Steve Jobs’ biological father Abdulfattah John Jandali, 80, a vice president at Boomtown Hotel Casino and a former professor at the University of Nevada, Reno, has nothing to say about his son’s death.
Jandali refused to give any interviews to the media nor offer any comments but simply told Reno Gazette Journal that he knew it. “I Know” was the crisp reply he gave to the journal.
“I really don’t have anything to say,” he added. In fact, Jandali tried to reach out to his son last year in an interview to the London tabloid The Sun that he wanted to meet Jobs.
“I live in hope that before it is too late he will reach out to me,” Jandali said in August 2010 to the newspaper. “Even to have just one coffee with him just once would make me a very happy man.” But Jobs did not respond to Jandali’s request.
Jobs was in San Francisco to Syrian-born Jandali, then an exchange student and another graduate Joanne Schieble in 1955. The couple were not married and Joanne’s father objected to their marriage. So the baby was given away in adoption to Paul and Clara Jobs.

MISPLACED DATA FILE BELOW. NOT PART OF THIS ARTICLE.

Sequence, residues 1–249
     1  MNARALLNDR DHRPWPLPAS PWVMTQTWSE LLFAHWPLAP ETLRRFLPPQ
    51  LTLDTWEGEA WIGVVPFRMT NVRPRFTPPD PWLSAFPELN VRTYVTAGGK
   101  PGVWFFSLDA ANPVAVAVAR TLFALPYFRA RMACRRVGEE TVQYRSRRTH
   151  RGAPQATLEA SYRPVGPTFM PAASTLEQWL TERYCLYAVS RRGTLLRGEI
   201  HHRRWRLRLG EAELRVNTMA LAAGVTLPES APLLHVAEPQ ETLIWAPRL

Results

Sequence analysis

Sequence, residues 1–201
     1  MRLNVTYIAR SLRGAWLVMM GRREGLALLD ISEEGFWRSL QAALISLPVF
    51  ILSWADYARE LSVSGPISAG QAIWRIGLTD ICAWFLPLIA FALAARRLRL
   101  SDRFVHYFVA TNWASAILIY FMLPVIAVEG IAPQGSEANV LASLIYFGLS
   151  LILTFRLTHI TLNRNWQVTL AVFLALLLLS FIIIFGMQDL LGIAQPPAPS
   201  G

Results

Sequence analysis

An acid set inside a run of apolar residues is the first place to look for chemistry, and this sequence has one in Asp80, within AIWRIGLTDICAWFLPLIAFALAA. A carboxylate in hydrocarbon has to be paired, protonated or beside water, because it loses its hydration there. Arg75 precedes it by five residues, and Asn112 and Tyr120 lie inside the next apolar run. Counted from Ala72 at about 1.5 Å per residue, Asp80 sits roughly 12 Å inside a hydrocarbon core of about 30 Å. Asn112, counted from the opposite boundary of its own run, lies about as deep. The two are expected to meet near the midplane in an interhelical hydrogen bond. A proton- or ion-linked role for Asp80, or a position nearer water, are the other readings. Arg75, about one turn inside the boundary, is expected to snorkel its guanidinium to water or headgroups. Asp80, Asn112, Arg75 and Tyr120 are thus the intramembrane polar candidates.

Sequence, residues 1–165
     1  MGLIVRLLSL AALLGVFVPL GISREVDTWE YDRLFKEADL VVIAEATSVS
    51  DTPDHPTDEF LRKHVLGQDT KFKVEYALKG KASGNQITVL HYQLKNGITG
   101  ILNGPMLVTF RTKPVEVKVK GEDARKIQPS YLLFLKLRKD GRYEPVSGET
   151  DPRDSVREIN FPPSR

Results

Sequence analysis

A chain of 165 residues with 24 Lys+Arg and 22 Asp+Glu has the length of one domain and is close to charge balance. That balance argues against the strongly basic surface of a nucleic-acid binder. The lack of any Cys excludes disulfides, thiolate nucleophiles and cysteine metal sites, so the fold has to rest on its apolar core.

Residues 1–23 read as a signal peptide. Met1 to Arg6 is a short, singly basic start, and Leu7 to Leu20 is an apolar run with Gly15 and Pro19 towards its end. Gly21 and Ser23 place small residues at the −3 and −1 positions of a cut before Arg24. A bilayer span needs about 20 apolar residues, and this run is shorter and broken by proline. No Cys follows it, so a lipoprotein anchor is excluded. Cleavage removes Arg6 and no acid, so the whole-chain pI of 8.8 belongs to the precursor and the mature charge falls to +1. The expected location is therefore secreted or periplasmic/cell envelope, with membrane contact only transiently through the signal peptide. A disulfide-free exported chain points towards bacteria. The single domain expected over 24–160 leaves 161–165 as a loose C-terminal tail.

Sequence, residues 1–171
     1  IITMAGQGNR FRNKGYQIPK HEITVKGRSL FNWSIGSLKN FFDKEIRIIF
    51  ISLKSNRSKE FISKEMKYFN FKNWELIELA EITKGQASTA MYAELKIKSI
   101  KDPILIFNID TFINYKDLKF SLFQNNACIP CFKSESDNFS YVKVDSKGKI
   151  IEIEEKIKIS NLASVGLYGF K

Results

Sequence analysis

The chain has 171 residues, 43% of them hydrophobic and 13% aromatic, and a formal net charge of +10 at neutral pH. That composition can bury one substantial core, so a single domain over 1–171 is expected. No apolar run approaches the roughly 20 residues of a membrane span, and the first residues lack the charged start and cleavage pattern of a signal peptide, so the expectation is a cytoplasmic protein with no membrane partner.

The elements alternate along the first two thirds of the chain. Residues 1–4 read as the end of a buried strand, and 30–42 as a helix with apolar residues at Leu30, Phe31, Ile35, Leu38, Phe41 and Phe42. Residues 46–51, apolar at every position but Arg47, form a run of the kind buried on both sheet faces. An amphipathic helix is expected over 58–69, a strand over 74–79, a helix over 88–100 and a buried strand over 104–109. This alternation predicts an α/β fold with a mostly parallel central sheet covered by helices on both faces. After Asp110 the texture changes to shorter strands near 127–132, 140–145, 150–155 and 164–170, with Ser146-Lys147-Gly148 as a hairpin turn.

Jandali told the Sun, “Steve will have to do that as the Syrian pride in me does not want him ever to think I am after his fortune. I am not. I have my own money. What I don’t have is my son … and that saddens me.”
Same was the case with Jobs who never had his father but that never dried his spirits to reach the top of the world’s highly successful individual and CEO.